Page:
In part one of this book Joshua L. Harper is able to demonstrate the following aspects of the Barberini version: when compared with the other Greek versions, it appears that the Barberini version was originally independent of the Septuagint but has been influenced by it in transmission. The Barberini version was probably translated no earlier than the later books of the Septuagint (that is, around the first century BC), and no later than the mid-third century AD. The style, methods of translation, and exegetical affinities suggest that the translator was primarily concerned with producing stylistic, understandable Greek rather than with conforming closely to the Hebrew source text. The translator was probably Jewish, particularly since some readings resonate with Jewish exegetical traditions. The relatively polished Greek suggests that the translator had received some formal Greek education, perhaps in a Hellenistic Jewish community. In the second part of this work Harper provides text, translation, and notes for the major Greek versions. The Barberini version has been analysed in particular detail, with regard to lexical and syntactical translation technique, as well as matters of style.2 of Eblaitica: Essays on the Ebla Archives and Eblaite Language. Edited by Cyrus H. Gordon. Winona Lake, Ind.: Eisenbrauns, 1990. SA¼ring, Margit LinnAca. The Horn-Motif: In the Hebrew Bible and Related Ancient Near Eastern Literature anbsp;...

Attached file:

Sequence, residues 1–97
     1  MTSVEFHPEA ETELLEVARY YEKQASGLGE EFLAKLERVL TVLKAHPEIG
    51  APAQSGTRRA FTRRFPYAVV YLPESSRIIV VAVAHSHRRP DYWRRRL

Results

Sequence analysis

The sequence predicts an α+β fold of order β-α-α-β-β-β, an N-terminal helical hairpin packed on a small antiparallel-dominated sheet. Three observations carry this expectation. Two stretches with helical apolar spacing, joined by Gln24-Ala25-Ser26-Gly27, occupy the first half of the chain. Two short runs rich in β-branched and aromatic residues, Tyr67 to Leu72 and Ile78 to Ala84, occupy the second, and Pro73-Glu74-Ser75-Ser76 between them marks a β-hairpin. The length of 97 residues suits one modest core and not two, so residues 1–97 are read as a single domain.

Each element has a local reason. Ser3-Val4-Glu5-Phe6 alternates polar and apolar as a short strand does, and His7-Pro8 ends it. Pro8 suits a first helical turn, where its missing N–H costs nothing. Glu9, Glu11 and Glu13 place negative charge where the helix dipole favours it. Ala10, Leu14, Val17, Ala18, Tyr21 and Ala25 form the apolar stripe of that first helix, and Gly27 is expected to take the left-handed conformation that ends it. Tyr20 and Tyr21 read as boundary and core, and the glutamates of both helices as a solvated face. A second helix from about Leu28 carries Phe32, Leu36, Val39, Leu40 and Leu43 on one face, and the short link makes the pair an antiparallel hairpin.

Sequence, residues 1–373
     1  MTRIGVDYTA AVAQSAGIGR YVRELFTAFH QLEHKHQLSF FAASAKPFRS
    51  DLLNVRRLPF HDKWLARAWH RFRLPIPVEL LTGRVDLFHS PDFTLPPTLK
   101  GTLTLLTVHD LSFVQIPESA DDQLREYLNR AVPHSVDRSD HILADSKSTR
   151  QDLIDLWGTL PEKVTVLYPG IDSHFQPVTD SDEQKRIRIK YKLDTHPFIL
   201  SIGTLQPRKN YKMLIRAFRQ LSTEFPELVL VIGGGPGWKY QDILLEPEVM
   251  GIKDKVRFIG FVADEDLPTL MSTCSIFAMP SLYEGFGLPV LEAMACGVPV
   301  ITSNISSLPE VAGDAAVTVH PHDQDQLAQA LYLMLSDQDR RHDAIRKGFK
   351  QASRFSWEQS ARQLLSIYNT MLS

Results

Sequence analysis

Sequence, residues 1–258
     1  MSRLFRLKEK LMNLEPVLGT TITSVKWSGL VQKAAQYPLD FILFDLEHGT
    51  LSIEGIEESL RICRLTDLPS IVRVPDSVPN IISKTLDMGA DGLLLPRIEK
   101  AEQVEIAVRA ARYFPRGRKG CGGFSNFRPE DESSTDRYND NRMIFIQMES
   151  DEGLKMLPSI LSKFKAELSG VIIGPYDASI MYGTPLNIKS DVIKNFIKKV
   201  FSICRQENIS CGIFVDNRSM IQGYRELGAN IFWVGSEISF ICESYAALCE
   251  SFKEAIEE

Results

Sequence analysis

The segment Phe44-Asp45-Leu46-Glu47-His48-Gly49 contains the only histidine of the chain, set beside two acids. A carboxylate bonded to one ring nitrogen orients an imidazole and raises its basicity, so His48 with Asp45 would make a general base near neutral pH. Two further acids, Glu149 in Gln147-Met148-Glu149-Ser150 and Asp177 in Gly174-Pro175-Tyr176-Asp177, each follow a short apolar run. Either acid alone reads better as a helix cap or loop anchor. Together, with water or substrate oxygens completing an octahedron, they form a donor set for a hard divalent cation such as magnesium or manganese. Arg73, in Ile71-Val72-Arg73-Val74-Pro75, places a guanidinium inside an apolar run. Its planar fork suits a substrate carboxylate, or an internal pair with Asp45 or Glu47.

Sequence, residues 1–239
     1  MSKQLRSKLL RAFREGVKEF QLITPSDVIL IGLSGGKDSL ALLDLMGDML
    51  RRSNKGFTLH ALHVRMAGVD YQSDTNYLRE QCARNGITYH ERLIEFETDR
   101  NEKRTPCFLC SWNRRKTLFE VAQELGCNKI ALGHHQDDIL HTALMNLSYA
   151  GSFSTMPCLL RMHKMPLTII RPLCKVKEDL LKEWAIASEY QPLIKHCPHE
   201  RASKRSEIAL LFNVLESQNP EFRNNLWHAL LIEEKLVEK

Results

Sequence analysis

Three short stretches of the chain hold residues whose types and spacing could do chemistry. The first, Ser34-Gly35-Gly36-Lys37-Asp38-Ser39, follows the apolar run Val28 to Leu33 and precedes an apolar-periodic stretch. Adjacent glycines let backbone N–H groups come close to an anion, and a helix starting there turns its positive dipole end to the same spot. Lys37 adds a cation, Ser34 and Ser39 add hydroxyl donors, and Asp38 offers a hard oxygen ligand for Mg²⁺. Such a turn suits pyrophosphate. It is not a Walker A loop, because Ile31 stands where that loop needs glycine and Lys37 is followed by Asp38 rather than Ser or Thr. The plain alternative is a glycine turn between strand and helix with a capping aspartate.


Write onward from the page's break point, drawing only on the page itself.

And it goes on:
|Title||:||Responding to a Puzzled Scribe|
|Author||:||Joshua L. Harper|
|Publisher||:||Bloomsbury Publishing - 2015-02-26|